Another dissident of Malthusian Theory is Milton Friedman. Friedman, (1912-), is a conservative American economist. He is in agreement with Adam Smith on many topics. For example, he is against all forms of government poverty spending. Friedman believes that minimum wage laws, union monopoly laws, drug prohibition laws, and other welfare state laws simply exploit the poor (Landry, 3). Much like Adam Smith, he believes that social ills are prevented and cured by making the government stay away from private industry and private businesses. He does however, stress that government must stay in control of the volume of money flowing throughout a country, thereby preventing inflation and other problems. Winner of the Nobel prize in 1976, Milton Friedman has refused numerous government offers for positions, fearing that his principles may conflict with a governmental agencies objectives ( So while their philosophies on social problems may differ, Friedman and Malthus are alike in their strong belief in their convictions. They are also alike in that they both published best selling books. Malthus had his aforementioned work, and Milton Friedman wrote Free to Choose, which promoted his beliefs. Once again, we see that the main difference between these two economists is that Malthus is in favor of the hands on approach when it comes to governmental policy, and Friedman, much like Adam Smith, is in favor of the hands off approach. Despite these two prominent critics, and numerous others, Malthus continues to exert influence over people in modern times.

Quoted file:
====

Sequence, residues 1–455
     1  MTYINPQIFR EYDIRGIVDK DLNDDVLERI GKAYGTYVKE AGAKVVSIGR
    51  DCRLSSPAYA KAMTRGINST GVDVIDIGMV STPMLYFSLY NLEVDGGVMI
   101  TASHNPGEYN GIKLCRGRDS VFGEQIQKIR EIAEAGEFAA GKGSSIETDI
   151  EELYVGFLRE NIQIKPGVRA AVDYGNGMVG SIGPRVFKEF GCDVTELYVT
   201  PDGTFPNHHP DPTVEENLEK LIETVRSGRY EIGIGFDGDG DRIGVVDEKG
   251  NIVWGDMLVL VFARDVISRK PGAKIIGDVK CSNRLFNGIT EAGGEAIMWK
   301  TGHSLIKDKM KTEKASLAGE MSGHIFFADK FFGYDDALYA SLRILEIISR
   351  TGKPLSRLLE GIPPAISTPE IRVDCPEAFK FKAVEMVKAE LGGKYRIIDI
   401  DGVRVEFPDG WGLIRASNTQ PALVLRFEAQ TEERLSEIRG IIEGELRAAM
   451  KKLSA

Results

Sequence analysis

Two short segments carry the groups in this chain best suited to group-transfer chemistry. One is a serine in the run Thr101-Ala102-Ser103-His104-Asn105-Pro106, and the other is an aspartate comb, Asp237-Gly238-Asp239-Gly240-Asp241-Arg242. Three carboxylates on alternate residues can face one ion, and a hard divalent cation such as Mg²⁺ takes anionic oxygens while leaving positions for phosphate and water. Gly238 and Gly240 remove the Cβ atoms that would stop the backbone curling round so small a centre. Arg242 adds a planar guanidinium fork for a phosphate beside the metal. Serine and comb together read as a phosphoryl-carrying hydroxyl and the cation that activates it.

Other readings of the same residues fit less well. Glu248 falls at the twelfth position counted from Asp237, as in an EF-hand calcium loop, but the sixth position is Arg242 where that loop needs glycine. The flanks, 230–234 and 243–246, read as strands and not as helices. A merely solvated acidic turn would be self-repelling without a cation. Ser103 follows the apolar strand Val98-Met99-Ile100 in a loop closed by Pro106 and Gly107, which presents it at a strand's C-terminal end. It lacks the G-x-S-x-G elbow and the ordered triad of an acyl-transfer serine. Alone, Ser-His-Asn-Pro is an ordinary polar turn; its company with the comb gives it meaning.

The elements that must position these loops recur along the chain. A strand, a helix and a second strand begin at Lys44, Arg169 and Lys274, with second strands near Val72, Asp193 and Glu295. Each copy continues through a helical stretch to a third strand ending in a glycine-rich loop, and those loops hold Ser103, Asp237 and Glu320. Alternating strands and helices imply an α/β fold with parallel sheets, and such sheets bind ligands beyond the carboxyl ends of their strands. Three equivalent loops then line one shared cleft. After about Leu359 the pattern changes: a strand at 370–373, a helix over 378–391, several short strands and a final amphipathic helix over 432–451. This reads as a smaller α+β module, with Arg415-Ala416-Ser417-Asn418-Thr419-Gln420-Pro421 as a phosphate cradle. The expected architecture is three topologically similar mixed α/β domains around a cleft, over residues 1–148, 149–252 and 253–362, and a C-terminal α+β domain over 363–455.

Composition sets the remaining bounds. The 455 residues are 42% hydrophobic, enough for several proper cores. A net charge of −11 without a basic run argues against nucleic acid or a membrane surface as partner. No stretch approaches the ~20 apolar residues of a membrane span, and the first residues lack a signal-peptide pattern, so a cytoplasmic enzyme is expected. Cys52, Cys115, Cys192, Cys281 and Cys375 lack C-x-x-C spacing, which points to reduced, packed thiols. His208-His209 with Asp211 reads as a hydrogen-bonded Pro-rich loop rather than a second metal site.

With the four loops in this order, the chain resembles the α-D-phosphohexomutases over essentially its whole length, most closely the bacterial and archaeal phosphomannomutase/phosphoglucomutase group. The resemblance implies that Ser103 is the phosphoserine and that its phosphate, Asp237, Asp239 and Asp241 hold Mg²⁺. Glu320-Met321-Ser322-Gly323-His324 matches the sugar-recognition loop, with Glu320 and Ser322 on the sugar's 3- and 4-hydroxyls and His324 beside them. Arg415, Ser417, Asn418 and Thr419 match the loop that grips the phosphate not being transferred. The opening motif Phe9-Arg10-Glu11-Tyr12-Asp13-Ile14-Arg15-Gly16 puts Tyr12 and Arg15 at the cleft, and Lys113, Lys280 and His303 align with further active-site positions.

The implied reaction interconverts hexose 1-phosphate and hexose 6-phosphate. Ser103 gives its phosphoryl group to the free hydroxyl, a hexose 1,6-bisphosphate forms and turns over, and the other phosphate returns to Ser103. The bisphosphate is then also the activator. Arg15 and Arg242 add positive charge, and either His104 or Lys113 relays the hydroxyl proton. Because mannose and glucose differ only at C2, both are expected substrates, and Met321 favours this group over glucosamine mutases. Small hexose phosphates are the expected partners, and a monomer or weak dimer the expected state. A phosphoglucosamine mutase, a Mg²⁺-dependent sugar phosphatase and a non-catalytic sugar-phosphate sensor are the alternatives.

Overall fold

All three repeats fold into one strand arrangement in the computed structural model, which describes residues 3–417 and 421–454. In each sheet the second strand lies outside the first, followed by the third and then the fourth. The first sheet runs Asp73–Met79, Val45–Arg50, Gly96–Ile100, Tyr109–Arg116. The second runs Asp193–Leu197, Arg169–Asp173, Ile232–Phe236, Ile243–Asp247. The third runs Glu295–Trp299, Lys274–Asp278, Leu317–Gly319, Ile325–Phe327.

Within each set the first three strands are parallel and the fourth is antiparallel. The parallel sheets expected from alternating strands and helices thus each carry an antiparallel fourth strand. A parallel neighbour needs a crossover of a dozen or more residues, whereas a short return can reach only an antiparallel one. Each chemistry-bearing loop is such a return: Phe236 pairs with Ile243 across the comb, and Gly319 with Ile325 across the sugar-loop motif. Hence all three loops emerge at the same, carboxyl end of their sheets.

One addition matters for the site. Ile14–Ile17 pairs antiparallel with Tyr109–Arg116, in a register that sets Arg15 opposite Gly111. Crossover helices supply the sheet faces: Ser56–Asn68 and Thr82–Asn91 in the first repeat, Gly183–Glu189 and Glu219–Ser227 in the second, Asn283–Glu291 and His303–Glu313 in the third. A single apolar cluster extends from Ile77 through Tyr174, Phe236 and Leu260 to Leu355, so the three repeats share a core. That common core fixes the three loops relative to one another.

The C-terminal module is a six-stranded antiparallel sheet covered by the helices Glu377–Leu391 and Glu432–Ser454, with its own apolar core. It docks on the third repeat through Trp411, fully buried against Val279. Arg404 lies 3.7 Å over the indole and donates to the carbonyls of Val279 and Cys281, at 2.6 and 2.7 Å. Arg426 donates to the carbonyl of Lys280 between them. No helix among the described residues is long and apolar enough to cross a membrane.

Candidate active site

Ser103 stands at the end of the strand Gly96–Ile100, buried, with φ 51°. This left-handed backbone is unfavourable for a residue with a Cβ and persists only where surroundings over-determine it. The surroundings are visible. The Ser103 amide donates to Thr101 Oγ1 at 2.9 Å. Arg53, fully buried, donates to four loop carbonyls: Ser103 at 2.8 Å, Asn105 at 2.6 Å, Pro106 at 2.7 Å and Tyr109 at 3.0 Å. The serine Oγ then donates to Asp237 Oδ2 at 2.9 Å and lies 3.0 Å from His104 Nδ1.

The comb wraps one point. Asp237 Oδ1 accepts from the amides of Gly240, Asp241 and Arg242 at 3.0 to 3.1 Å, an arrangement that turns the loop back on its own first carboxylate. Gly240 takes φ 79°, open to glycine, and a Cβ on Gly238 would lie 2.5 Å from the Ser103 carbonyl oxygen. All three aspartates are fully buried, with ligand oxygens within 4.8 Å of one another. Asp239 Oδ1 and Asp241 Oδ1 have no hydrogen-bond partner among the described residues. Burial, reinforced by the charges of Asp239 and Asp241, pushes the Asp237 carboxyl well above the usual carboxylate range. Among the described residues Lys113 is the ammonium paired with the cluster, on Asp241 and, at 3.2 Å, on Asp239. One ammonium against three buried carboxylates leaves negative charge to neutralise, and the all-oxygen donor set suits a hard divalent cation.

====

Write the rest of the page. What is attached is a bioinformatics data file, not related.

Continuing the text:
Neo-Malthusian thought is a branch of Malthusian theory that applies some basic facets of Malthusian theory to modern times. Neo Malthusiasts believe that birth control is the main method to control us from our desperate, overpopulated population. Neo-Malthusianism, which emerged in the late 19th century and early 20th century, stresses that birth control not only be legalized, but that poor people should have free access to birth control. There were three main groups who contributed to this movement, and each group had its own reason for wanting birth control. The first group was the women's rights activists. At that time, of course, birth control was illegal, and women believed that along with their right to vote and be equal to men, birth control should be legalized to affirm their right to control their bodies. The second group was the socialists. They were in favor of birth control because they believed that pregnancy was a hindering process which harmed the ability of women to work, which was very important to socialism. The third and least important group was the Romantics. They, much like hippies in the 1960's, thought that sex was not just for reproduction purposes, but for procreation, as well, a belief that was unheard of at that time. The Romantics wanted the right to procreate without the risk of pregnancy. The most important group to take over the birth control movement was the neo Malthusiasts. They were in favor not for their own personal gain, but for society as a whole to control population so as to limit population growth. There were differences, though, between the Malthusians and the neo Malthusians. The original theory of Malthus was in favor of governmental pressure to keep family size limited. Neo Malthusians thought it was a choice to be made based on tradition, not church or state. (Rao)If Malthus was alive to see the Neo Malthusians and their descendants, he would be pleased that at least somebody still believes him. After all, he wrote his essay in 1798, and here we are in 2000, and people are still believing his words. Also, putting the Neo Malthusians aside, Malthus would be pleased that in many developing countries, such as some in Sub Saharan Africa, as well as China, are trying actively to control their populations. Their governments have played a big role in reducing their country's growth rates, which would surely make Malthus happy.